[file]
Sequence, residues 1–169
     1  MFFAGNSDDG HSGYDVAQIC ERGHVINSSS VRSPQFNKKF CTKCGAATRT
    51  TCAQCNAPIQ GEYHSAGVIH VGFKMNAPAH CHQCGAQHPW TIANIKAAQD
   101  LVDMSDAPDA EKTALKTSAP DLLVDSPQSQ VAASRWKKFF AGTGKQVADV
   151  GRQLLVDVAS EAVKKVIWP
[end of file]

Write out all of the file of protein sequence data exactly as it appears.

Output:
Sequence, residues 1–169
     1  MFFAGNSDDG HSGYDVAQIC ERGHVINSSS VRSPQFNKKF CTKCGAATRT
    51  TCAQCNAPIQ GEYHSAGVIH VGFKMNAPAH CHQCGAQHPW TIANIKAAQD
   101  LVDMSDAPDA EKTALKTSAP DLLVDSPQSQ VAASRWKKFF AGTGKQVADV
   151  GRQLLVDVAS EAVKKVIWP